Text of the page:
Obility would like to welcome Kurtis Alward as a guest blogger. Kurt is a freelance SEM consultant who helps Mike with client projects and acts as a sounding board for our hero.
The process of implementing search engine optimization (SEO) for a large website isn’t drastically different than it is for a smaller site. The main idea is the same – update the backend coding to current best practice standards, generate new, unique content and continue growing inbound links naturally. The issue, however, for large websites generally stems from the resources needed to accomplish site-wide improvement: the abilities to maintain ongoing SEO strategy and consistently create new content.
Search engine optimization, at its foundation, makes content easily accessible for people and search engines. To achieve success, SEOs and web developers implement specific site-wide changes to individual pages or to the content management system (CMS). These changes target specific elements of the website’s DNA (the heading and URL structure, image attributes, Meta data, etc.) and is aimed to heighten keyword relevance for each page or particular element of the webpage.
Although there are dozens of unknown factors that make up the search engines’ algorithms, the most influential elements have been identified and are being implemented on thousands of websites, large and small. All it takes is some careful coding and proper content layout and you’re up to code. This can be accomplished manually or by using one of the hundreds of free CMS’s on the market, which makes it much, much easier to have an “SEO friendly” website out-of-the-box.
These modern CMS’s have made it extremely easy (and cheap) to launch an SEO-ready website, same-day, for businesses large or small. Still, utilizing a CMS is small potatoes – your casual blogger has this down. CMS’s only provide you with a clean-slate or sound-foundation to begin the real tactics that drive successful SEO strategies and marketing campaigns.
The next crucial phase of large-scale SEO is to understand what pages can actually rank, properly target keywords for each potential ranking page and establish a site hierarchy that emphasizes these pages. There are other on-site factors such as interlinking within a domain or “owned” web properties, but there is also the off-site marketing aspect that is needed to generate interest, pageviews and inbound links from other domains.
External linking is where larger sites need to thrive in order to stand toe-to-toe with their (similarly) large-scaled competitors. A small site has the advantage of creating less content or strategy to achieve larger gains in results. Smaller sites typically have less keywords to target, and so they can focus all their efforts on a small set of keywords to outperform their rivals. Larger sites, however, have to compete with media giants, stronger competitors, more keywords and larger content producers who publish thousands of pieces of content on a daily basis.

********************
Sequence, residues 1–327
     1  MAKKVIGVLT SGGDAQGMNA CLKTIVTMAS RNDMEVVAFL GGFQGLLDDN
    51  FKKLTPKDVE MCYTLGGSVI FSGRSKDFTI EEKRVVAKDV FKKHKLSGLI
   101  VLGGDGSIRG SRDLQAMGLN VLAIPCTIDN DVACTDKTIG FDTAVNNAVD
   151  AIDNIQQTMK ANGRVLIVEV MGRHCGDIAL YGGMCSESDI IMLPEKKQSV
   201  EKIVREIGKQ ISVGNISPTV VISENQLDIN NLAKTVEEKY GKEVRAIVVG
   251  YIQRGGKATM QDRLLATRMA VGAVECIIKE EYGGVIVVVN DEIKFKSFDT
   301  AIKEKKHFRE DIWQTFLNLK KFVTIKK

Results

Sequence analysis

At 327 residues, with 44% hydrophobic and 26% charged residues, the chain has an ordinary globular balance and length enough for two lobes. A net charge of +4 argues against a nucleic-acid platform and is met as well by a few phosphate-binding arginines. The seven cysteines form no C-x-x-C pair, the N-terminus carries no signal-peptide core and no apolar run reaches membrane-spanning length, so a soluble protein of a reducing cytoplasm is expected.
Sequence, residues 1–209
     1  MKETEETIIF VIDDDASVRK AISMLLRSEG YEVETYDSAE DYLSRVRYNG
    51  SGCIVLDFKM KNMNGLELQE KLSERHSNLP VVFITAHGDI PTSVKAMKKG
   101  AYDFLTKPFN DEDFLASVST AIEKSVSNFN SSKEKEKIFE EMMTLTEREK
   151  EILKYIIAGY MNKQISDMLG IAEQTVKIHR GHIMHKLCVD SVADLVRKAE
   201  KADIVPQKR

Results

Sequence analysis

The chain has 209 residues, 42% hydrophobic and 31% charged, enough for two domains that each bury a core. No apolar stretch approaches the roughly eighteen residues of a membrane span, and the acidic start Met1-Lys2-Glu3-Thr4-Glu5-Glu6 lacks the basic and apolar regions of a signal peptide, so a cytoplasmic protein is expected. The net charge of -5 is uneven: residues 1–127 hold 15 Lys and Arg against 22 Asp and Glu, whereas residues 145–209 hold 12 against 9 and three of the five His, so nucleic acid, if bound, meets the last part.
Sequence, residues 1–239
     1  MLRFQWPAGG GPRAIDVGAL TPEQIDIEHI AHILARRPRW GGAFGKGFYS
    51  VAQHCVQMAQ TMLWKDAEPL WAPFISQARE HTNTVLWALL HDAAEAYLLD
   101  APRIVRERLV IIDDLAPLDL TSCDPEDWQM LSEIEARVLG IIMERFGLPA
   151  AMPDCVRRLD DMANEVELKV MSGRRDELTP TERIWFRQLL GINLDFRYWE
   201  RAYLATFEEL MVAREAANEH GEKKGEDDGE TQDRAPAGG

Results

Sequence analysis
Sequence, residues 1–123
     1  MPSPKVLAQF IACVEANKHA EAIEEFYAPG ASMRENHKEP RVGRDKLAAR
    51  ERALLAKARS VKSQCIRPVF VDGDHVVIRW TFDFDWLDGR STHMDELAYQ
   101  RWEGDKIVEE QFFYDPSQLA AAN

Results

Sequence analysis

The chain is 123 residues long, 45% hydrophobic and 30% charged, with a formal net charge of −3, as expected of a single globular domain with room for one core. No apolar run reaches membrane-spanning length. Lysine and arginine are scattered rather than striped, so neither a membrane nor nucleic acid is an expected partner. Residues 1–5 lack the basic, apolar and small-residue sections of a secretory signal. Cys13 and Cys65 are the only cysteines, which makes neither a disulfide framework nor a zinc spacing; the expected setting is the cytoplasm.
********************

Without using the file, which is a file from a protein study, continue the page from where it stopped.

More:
This means that in order to succeed or receive that same boost past their competitors, they have to spend more resources on ongoing SEO strategy and content syndication efforts. Their content creation and link bait strategies differ drastically when compared to small or medium-sized websites. Large sites need to focus on producing valuable, interesting content on a more frequent basis and distribute it to a larger audience in order to succeed. Having 10 people link to their content piece or webpage no longer has a large effect on their link strength or rankings. They now need 100 or 1,000 links to see any sort of noticeable boost. The ratios change with size and competition.
For the most part, companies will naturally grow their marketing departments or budgets to handle the new demands needed to achieve continued success in digital marketing. This is a key step that should never be overlooked as a company grows over time. Demand is increasing and so must the effort put forth to maintain a proper SEO strategy. If the effort remains on a small scale you’ll begin to see a plateau of rankings, visits, etc. as the natural curve of success flattens. Remember, growth is a good thing.
So what have we concluded?
Well we’ve established that the large-scale SEO isn’t drastically different from regular or small-scale SEO, but rather the process of maintaining and optimizing a large site is a bigger beast. It takes a large website more time, effort and content creation to achieve a jump in rankings when compared to a smaller website. Larger websites demand more attention and a larger SEO strategy. So if your site is growing and competition is clipping at your heels, be prepared to sink the extra time, effort and capital to maintain your strategy and focus; you’ll need it.